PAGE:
World Bulletin / News Desk
ARSA whose attacks triggered an army crackdown in Myanmar's Rakhine state unleashing a huge wave of refugees said Saturday their one-month ceasefire would end in two days, but added they were open to a peace deal if the government offered it.
"The humanitarian pause was conducted in order to enable humanitarian actors to assess and respond to the humanitarian crisis in Arakan (Rakhine)," the statement said.
"If at any stage, the Burmese government is inclined to peace, then ARSA will welcome that inclination and reciprocate," it added, using the former name for Myanmar.
The statement did not include any direct threats of new violence.
Myanmar's government spokesman did not respond to requests for comment Saturday but has previously said the country does not "negotiate with extremists".
The shadowy, poorly-armed ARSA tipped northern Rakhine into crisis when it ambushed police posts on August 25.
The army responded with a sweeping crackdown that the UN says amounts to ethnic cleansing of the Muslim Rohingya minority, who have faced decades of persecution.
More than half a million Rohingya have fled to Bangladesh in the last six weeks, an exodus that has spiralled into one of the world's most urgent refugee crises.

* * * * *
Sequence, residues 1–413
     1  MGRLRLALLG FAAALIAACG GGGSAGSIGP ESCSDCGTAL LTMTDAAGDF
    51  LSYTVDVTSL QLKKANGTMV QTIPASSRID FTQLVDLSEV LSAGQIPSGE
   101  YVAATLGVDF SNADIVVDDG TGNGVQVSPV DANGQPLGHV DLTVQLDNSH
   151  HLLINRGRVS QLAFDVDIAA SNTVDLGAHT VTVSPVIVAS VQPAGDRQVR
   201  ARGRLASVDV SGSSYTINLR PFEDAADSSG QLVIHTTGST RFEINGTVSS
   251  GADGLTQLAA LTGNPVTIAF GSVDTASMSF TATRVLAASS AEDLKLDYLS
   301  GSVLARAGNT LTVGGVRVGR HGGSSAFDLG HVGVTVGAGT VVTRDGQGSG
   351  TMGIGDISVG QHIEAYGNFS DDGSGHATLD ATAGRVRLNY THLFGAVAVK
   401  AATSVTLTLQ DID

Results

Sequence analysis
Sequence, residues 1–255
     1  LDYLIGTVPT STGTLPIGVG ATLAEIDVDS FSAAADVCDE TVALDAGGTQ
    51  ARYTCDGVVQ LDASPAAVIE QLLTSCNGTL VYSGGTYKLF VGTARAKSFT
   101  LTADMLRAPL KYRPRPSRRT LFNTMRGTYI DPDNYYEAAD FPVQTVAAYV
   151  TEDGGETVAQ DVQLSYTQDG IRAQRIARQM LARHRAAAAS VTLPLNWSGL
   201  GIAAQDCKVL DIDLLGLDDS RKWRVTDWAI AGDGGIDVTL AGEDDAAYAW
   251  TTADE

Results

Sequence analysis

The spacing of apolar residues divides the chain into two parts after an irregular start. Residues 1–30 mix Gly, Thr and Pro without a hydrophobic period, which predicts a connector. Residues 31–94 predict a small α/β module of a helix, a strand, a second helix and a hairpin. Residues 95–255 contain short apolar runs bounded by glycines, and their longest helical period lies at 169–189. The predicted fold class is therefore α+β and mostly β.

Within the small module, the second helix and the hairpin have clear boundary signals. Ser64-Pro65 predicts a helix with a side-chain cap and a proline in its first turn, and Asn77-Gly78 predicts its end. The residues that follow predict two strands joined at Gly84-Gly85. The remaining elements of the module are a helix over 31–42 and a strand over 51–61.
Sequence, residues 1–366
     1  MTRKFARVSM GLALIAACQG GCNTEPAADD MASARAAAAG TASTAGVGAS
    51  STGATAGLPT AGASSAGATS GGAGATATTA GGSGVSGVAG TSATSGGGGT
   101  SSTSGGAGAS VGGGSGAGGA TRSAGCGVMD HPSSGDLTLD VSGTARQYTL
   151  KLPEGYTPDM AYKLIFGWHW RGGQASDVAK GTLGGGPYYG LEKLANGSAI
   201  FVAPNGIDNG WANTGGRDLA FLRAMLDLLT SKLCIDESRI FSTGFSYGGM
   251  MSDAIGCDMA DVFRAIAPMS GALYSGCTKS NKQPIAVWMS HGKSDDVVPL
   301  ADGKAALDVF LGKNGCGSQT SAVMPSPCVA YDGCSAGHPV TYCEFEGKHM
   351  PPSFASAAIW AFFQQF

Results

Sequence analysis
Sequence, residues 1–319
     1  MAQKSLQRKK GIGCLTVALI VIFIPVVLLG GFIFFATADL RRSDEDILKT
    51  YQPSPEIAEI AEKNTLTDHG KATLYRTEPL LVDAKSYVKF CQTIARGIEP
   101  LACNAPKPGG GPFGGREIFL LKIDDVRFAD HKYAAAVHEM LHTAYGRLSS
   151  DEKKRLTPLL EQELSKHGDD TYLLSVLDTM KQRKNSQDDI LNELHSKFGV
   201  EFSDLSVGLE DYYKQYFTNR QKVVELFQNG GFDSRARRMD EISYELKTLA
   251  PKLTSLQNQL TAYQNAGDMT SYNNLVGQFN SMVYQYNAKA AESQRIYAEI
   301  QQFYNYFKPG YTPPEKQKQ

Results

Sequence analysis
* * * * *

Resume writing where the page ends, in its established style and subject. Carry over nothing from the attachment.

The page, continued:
In its statement, ARSA said it had helped provide "safe passage" to refugees fleeing to Bangladesh.
While the worst of the bloodshed appears to have abated in recent weeks, tens of thousands of Rohingya continue to stream over to Bangladesh, passing through a violence-scarred region where hundreds of villages have been reduced to smouldering ash.
Rohingya refugees and rights groups have accused the army of setting the fires with the help of Buddhist vigilante mobs.
But the military has denied the charge, instead accusing militants of razing their own homes to drum up global support and committing other atrocities against Buddhists and Hindus.
AFPGüncelleme Tarihi: 08 Ekim 2017, 21:10